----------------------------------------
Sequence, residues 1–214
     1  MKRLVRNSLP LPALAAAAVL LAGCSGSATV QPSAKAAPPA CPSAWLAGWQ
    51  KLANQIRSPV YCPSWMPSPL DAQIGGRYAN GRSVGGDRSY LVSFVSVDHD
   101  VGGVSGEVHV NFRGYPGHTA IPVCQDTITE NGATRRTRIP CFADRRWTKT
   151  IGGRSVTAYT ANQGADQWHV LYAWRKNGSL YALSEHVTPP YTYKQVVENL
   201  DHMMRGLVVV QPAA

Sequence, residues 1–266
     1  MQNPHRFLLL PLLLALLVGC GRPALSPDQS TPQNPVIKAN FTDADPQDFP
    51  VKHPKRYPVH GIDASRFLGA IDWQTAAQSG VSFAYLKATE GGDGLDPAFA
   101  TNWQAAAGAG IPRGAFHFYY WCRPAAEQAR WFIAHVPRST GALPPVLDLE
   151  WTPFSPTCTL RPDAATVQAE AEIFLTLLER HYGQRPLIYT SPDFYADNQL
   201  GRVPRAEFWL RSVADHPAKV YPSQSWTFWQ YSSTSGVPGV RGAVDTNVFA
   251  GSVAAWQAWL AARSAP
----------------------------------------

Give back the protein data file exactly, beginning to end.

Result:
Sequence, residues 1–214
     1  MKRLVRNSLP LPALAAAAVL LAGCSGSATV QPSAKAAPPA CPSAWLAGWQ
    51  KLANQIRSPV YCPSWMPSPL DAQIGGRYAN GRSVGGDRSY LVSFVSVDHD
   101  VGGVSGEVHV NFRGYPGHTA IPVCQDTITE NGATRRTRIP CFADRRWTKT
   151  IGGRSVTAYT ANQGADQWHV LYAWRKNGSL YALSEHVTPP YTYKQVVENL
   201  DHMMRGLVVV QPAA

Sequence, residues 1–266
     1  MQNPHRFLLL PLLLALLVGC GRPALSPDQS TPQNPVIKAN FTDADPQDFP
    51  VKHPKRYPVH GIDASRFLGA IDWQTAAQSG VSFAYLKATE GGDGLDPAFA
   101  TNWQAAAGAG IPRGAFHFYY WCRPAAEQAR WFIAHVPRST GALPPVLDLE
   151  WTPFSPTCTL RPDAATVQAE AEIFLTLLER HYGQRPLIYT SPDFYADNQL
   201  GRVPRAEFWL RSVADHPAKV YPSQSWTFWQ YSSTSGVPGV RGAVDTNVFA
   251  GSVAAWQAWL AARSAP